In the latest iteration of its mobile operating system, Apple gives end customers more control and makes the inner workings more transparent. Those changes are driven by how users behave. An average Apple consumer is now much more tech savvy than before and wants to control and understand what their phone knows about them. This, in turn, is undoubtedly largely influenced by Android, which has always been open about this kind of stuff.

In this review, we look at the new features of iOS 11 that mobile marketers should focus on.

All-new App Store

iOS 11 store

The new App Store boasts a lot of changes — it is completely different, in fact. There’s a new “Today” tab, which is also a replacement for featured apps and a new homepage. Every day the App Store editors will pick an app and cover it. “Covering” an app may imply an interview with its developers, a story of its creation or any other topic connected to the app. There will also be lists and selections of apps aimed at solving a specific problem and so on. Apple is clearly investing in content marketing with this. It will be interesting to see where this goes.

In its essence, the “Today” tab is similar to Apple Music’s “Browse”: both help you discover new things tailored to your preferences and installed apps.

“Games” and “Apps” tabs have also received major overhauls: they now have recommendations, videos, app selections and ratings by category.

The app page has also changed. Developers can now use localised videos and screenshots which will be shown to users depending on where the are and which country’s store the use. The page design itself is now more attention-grabbing, eye-catching and effective promotion-wise. Users can see every award the app has ever received, its rank and rating.

Apple has also revisioned how in-app purchases work within the store. Players now can start buying in-app currency right in the store and finish the transaction in the app.


Starting with iOS 11, developers are no longer able to show custom-text popups asking for a review of their app. Apple has instead offered a general message that will appear in every app. This message can only be shown three times per year and if a user does leave a review, you can’t ask him for another one for a year.

To make things a little bit easier—and probably to not antagonise the developers—Apple has created App Store ratings API which allows to leave a review without exiting the app.

Location & tracking

Apple was repeatedly criticised because of the way it handles location tracking of its users. It is best described as shady. In iOS 11 apps that actively track location will appear in the notification bar which will turn blue.

iOS 11 location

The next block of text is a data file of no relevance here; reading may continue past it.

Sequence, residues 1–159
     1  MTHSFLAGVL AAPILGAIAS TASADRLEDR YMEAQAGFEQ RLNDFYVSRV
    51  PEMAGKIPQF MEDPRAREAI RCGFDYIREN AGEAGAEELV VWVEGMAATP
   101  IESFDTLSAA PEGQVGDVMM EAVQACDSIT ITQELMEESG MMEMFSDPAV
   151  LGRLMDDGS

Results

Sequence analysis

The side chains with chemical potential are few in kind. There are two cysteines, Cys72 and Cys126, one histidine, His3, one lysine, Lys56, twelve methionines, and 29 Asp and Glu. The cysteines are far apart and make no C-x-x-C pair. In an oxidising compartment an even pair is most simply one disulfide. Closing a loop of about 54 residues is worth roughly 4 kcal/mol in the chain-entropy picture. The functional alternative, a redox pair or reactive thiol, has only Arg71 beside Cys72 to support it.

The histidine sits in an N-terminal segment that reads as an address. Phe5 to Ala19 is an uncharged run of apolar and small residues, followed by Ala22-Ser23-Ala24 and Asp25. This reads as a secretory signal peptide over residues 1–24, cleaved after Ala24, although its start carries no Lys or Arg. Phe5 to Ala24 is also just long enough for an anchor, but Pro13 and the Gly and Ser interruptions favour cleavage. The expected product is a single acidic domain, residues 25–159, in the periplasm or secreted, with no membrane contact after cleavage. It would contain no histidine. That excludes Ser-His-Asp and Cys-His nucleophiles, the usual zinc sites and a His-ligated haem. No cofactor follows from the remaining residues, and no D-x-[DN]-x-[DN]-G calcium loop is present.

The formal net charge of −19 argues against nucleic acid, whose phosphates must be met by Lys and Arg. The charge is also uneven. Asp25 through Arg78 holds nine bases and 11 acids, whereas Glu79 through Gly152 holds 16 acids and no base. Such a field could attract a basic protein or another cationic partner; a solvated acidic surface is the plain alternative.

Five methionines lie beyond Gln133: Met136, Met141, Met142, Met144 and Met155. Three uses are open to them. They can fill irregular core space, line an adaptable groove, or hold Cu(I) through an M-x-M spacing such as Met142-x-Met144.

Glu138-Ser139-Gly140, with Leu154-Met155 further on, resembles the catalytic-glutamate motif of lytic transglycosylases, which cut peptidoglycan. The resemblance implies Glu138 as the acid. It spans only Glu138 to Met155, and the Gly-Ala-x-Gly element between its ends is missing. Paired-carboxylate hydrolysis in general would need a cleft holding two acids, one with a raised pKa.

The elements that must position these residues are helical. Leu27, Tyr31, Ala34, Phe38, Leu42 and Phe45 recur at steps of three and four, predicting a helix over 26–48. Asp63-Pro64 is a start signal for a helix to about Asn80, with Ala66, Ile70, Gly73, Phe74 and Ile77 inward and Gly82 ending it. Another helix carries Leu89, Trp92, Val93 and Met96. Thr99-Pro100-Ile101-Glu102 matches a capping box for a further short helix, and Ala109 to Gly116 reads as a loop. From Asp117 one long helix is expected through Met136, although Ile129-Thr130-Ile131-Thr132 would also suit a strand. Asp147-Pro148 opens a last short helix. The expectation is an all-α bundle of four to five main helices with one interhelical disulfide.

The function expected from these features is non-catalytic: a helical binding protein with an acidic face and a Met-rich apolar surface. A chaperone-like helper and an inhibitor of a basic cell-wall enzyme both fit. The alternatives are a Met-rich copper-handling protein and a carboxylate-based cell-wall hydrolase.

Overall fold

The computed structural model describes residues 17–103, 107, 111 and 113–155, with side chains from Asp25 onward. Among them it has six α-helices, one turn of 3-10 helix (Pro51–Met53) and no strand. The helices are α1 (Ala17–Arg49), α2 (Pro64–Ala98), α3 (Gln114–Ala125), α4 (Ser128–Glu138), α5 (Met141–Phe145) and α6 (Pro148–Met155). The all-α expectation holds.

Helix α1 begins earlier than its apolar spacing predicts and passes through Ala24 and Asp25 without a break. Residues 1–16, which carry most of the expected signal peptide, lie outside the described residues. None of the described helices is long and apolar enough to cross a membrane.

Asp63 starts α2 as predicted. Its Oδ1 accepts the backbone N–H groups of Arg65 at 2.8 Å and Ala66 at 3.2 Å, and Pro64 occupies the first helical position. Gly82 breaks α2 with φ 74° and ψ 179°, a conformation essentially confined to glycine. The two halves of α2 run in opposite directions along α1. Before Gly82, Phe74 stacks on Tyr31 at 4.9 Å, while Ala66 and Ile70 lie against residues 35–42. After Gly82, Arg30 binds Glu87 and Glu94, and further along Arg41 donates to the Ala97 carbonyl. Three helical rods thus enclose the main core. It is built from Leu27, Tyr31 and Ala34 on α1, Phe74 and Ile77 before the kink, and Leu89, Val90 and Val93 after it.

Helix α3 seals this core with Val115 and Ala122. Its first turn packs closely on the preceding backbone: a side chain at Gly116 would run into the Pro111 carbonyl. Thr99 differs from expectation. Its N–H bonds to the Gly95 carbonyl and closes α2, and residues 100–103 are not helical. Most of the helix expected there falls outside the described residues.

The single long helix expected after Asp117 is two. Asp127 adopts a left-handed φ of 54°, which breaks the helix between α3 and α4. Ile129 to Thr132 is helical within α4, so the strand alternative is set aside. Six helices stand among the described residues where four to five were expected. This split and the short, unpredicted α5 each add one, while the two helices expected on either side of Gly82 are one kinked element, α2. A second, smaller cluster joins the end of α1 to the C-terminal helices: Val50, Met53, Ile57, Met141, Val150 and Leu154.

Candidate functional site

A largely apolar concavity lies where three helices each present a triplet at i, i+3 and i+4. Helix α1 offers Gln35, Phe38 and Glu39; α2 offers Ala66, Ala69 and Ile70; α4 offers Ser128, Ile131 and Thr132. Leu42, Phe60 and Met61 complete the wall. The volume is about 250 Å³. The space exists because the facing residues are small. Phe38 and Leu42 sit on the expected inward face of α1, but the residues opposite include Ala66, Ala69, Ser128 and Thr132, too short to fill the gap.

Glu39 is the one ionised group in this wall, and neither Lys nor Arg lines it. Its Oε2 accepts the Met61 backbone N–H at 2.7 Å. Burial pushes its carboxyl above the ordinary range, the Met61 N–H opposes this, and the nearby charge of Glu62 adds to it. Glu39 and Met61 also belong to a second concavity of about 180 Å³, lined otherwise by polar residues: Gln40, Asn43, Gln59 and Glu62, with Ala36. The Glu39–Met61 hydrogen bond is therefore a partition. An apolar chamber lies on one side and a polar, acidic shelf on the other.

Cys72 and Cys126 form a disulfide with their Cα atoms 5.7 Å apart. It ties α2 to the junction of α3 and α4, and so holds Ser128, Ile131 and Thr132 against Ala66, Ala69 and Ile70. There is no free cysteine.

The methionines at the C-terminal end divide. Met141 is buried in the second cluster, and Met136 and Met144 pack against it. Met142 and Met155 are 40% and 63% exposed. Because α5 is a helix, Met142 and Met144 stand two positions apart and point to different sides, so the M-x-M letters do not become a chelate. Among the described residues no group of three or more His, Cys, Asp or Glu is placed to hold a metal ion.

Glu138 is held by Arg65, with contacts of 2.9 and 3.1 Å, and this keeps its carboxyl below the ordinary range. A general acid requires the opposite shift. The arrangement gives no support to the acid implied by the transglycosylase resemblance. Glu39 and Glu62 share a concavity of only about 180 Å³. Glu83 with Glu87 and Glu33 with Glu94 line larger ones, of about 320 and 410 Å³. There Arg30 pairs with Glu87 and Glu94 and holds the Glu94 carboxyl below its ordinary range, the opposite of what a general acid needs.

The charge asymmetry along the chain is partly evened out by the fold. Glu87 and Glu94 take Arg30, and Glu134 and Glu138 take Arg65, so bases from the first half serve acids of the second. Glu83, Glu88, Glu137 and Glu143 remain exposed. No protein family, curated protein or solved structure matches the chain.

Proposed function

Users will now have the option to choose when an app can access their location: “Always”, “While Using the App”, “Never”. The blue bar will appear whenever a “While Using” app will track the location. Apps with “Always” access will not trigger the blue bar, same goes for geofencing and beacons.

This update will help users better understand when they are being tracked. Marketers, in turn, will be able to explain what benefits users gain when giving access to their location.


iOS 11 ARWith ARKit, first shown at WWDC earlier this year, Apple told us goes big into the AR game. iPhone 8 and X only support this claim, boasting the new cameras with better AR support.

The company wants developers and brands to create AR experiences. be it games or apps. This makes a lot of sense, as Apple is in a runner-up position: Google, Facebook and Snapchat all have already leased their own AR platforms. However, iOS is traditionally seen as a more attractive option for devs, especially taking into account the amount of paying users in the App Store. Hint: it’s higher than in Google’s Play Store.

Already there are a lot of great examples of use from indie developers. This makes it even more intriguing: we have yet to see how brands will use the new tech with their budgets and teams.

NFC access

With the release of iOS 11 developers have for the first time gained access to the NFC chip, which was previously an Apple Pay exclusive. With Core NFC framework, developers will be able to expand the chip’s uses beyond payments. It could work as key card at work or in a hotel, as a ticket on the subway or to connect to other devices.

What is more, in iOS 11 payments can be confirmed by your voice instead of fingerprint, and the SiriKit framework will become far more useful and powerful.


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